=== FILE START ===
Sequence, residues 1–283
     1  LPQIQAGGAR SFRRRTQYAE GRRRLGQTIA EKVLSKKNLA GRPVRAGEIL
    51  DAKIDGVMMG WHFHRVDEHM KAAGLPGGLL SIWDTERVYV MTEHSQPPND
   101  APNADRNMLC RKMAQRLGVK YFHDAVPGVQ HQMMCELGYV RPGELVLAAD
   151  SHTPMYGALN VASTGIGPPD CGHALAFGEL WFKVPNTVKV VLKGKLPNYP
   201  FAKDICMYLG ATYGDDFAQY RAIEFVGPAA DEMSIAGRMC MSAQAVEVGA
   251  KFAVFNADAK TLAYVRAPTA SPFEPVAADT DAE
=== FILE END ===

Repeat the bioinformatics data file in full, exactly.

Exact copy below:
Sequence, residues 1–283
     1  LPQIQAGGAR SFRRRTQYAE GRRRLGQTIA EKVLSKKNLA GRPVRAGEIL
    51  DAKIDGVMMG WHFHRVDEHM KAAGLPGGLL SIWDTERVYV MTEHSQPPND
   101  APNADRNMLC RKMAQRLGVK YFHDAVPGVQ HQMMCELGYV RPGELVLAAD
   151  SHTPMYGALN VASTGIGPPD CGHALAFGEL WFKVPNTVKV VLKGKLPNYP
   201  FAKDICMYLG ATYGDDFAQY RAIEFVGPAA DEMSIAGRMC MSAQAVEVGA
   251  KFAVFNADAK TLAYVRAPTA SPFEPVAADT DAE